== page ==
Friday, October 23, 2009

You can take the boy out of school, but you can't take the school out of the boy

After coming up with schools for blacks only last year, the Toronto District School Board is now considering the idea of schools and classrooms for boys only. The problem is reasonably obvious, even egregious: by most indicators, boys fare far worse than girls at school. The director of the TDSB argues, as others do, that this is the result of a feminization of schools. Boys and girls learn differently from each other, which is probably a reasonable enough argument, and proponents of boys-only schools believe that public schools are heavily tilted in favour of girls.

There is scant evidence of this tilt presented in newspaper articles on the topic, and I don't recall much of it. Sure, an inordinate amount of time in my middle school was devoted to expressing a variety of complex ideas through poorly-acted skits, but I attribute this more to the softness of the curriculum, though I'm told that it has only gotten harder since we so unjustly crammed five years of high school into four (for some reason, nobody complains about that anymore).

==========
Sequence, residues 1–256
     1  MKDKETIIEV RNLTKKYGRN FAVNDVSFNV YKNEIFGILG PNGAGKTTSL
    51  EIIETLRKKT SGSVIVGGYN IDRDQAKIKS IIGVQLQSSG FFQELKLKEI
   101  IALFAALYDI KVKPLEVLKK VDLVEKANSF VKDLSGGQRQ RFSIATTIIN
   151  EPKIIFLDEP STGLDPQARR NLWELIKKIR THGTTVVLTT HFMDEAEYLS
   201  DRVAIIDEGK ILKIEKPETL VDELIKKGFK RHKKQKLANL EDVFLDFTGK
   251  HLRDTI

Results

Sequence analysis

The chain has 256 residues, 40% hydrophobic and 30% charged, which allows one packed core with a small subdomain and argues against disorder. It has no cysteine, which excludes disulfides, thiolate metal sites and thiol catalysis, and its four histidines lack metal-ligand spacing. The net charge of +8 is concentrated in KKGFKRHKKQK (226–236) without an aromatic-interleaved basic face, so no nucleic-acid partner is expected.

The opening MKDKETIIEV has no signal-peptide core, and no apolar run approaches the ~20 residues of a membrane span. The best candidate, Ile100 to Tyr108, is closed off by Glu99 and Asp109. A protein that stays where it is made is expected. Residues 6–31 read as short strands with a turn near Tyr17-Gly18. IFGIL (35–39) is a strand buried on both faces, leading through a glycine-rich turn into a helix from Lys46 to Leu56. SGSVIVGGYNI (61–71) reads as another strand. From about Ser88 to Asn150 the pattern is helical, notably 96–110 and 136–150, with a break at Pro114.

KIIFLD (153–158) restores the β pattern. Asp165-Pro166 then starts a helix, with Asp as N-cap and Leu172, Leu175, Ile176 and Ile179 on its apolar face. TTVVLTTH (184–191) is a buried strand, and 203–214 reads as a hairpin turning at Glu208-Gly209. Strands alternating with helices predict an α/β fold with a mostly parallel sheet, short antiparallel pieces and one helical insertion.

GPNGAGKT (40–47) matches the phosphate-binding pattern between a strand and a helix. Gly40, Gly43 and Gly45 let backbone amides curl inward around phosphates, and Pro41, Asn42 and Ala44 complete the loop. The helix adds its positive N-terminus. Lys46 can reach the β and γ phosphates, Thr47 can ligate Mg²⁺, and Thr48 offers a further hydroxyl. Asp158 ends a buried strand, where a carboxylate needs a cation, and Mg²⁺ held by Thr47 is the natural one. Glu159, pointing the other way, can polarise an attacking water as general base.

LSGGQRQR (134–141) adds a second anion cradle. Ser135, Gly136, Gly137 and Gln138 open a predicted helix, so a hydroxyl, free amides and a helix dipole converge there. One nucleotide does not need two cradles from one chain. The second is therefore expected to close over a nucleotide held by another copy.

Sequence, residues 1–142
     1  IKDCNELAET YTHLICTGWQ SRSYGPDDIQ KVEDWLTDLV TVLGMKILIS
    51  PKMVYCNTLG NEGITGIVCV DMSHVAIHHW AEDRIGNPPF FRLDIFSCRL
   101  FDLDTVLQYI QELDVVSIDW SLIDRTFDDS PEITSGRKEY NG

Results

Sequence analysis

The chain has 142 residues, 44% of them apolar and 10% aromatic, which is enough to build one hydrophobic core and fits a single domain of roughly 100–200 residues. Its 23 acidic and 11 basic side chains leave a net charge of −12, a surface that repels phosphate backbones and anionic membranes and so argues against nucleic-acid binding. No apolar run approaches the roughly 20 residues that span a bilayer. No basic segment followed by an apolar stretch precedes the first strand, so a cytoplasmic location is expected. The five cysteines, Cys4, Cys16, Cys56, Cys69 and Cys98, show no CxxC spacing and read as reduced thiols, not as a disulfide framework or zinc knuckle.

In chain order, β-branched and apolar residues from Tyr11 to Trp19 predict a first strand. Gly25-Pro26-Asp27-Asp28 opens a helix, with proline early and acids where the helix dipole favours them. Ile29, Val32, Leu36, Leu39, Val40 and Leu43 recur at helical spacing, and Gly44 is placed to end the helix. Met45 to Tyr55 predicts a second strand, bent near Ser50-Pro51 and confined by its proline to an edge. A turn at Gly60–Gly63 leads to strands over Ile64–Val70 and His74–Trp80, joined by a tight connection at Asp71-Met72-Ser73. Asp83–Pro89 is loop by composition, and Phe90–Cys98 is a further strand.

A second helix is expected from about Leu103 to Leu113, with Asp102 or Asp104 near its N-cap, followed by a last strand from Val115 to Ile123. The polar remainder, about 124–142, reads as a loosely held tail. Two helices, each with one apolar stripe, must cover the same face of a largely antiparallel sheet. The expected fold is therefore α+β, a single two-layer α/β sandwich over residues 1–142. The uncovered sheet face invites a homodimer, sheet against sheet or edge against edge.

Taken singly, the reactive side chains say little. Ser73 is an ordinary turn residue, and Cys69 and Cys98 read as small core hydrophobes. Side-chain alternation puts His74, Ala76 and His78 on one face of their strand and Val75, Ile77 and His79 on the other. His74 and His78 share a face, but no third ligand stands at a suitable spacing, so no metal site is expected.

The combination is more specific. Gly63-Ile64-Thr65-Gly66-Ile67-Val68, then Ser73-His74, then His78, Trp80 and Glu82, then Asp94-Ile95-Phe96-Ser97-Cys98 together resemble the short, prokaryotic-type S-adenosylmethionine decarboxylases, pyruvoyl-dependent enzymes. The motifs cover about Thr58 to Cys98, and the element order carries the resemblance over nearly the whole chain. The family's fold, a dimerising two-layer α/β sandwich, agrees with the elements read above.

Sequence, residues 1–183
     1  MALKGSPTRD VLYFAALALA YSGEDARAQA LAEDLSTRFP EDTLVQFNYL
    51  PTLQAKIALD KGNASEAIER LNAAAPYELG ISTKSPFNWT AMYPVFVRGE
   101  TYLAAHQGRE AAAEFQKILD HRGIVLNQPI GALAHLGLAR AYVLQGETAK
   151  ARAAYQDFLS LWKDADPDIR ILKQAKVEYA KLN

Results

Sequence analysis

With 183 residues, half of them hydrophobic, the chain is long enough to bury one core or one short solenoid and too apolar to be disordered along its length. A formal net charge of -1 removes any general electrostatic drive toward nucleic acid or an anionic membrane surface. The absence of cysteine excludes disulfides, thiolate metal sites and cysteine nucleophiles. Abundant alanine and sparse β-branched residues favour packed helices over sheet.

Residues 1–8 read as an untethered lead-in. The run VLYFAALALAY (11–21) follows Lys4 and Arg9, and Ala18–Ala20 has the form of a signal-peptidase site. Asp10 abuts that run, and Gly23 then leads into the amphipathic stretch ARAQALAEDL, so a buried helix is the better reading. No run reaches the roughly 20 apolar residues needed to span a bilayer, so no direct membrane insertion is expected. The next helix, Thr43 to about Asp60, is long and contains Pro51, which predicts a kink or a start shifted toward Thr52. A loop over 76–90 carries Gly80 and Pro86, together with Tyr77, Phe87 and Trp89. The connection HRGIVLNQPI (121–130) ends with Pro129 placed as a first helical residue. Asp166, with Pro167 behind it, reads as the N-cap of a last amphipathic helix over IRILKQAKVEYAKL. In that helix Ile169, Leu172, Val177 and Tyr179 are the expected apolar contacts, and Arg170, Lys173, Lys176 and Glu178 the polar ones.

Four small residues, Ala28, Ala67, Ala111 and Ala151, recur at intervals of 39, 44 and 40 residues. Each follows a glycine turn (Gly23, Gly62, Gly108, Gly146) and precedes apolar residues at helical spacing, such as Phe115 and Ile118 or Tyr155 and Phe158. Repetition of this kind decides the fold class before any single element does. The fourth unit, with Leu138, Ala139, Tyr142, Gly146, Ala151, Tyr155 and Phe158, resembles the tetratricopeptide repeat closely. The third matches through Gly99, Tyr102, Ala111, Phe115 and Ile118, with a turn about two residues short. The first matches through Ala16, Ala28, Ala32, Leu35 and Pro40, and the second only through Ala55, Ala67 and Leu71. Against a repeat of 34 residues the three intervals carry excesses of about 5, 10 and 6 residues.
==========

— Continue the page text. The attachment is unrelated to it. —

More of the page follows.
If the classroom is not an unnaturally feminine domain for boys, then it's worth considering, as you see here and there, that males are simply ill-suited to the sort of docile, sedentary lifestyle required for success in both education and employment these days. To this end, the incipient boys' classrooms would allow for more mobility, perhaps, and periodic bouts of using classroom implements as athletic equipment. Unless you believe that women are simply more intelligent than men, this is probably not the answer either.

But the answer is not far from here, I think. In high school, it was far more acceptable for boys to be complete buffoons than it was for girls. Perhaps this reflects the fact that males tend to take more risks, are more likely than females to be both spectacular successes and spectacular failures, though my impression is that we accept idiocy and failure more from boys than we do from girls. We accept that boys will be rowdy and difficult to control and we tend to excuse their failures. Like any other group of people that has low expectations placed on them, they underachieve.

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